Canadian lesbian film ‘Tru Love’ takes on intergenerational love

Directors of “Tru Love”

“There is a crack in everything; that’s how the light gets in.” — Leonard Cohen.

“Tru Love” was shot in the winter of 2013 in downtown Toronto and on Toronto Island. The air is different in winter, everything appears to slow down and the light itself takes on a whole new quality. It defines the environment. Days are shorter. Starker. Exposed. Crystalized.

The film opens with an extreme close up of water rushing in slow motion, ice cracking and breaking up, tiny triangles of ice flying into the air — all beautifully shot by cinematographer Maya Bankovic. It’s as if the ice is dancing. This footage was taken on the first ferry from Toronto harbor, en route to Toronto Island. It is elemental, poetic and a recurring motif, during key transitions throughout the film. The score by Patric Caird is haunting, underscoring a romantic beauty, a yearning and loneliness.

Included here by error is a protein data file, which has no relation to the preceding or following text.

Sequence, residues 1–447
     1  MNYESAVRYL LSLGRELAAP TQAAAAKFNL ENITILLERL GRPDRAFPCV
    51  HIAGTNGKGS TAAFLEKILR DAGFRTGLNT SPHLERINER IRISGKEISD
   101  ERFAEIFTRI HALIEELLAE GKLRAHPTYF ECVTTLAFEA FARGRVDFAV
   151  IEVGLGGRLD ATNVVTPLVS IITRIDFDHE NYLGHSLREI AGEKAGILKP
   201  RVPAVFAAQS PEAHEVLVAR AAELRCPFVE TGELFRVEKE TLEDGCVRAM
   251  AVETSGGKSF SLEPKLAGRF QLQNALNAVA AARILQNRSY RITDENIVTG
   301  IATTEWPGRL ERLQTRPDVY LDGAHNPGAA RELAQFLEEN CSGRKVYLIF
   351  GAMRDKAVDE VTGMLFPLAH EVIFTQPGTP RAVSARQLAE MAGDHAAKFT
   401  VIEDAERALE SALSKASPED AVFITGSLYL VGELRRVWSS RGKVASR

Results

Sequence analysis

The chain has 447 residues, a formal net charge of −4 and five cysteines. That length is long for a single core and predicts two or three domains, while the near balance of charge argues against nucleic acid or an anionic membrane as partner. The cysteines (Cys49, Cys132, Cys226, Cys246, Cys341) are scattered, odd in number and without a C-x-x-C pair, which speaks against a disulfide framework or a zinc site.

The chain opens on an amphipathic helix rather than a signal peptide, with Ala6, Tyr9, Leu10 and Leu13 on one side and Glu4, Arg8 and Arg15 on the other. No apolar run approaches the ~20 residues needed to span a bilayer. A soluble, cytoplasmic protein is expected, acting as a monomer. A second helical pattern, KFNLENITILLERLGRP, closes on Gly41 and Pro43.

The triangles of ice, of tension — Tru (friend), Alice (mother) and Suzanne (daughter), are three women, each quietly frozen in their lives. They are all yearning separately; estranged in their own way from themselves or each other, each needing to break free from constraint, to be ‘cracked open’ in their hearts, in their lives.

As the story opens and progresses, an unexpected attraction builds between Tru and Alice, and Suzanne becomes increasingly threatened. This triangle tightens, closing in on itself, compressing and colliding until it shatters like tiny diamonds of ice and explodes into a rush of emotion, eventually setting each character free.

Look for this film at film festivals throughout the summer, including Frameline in San Francisco.

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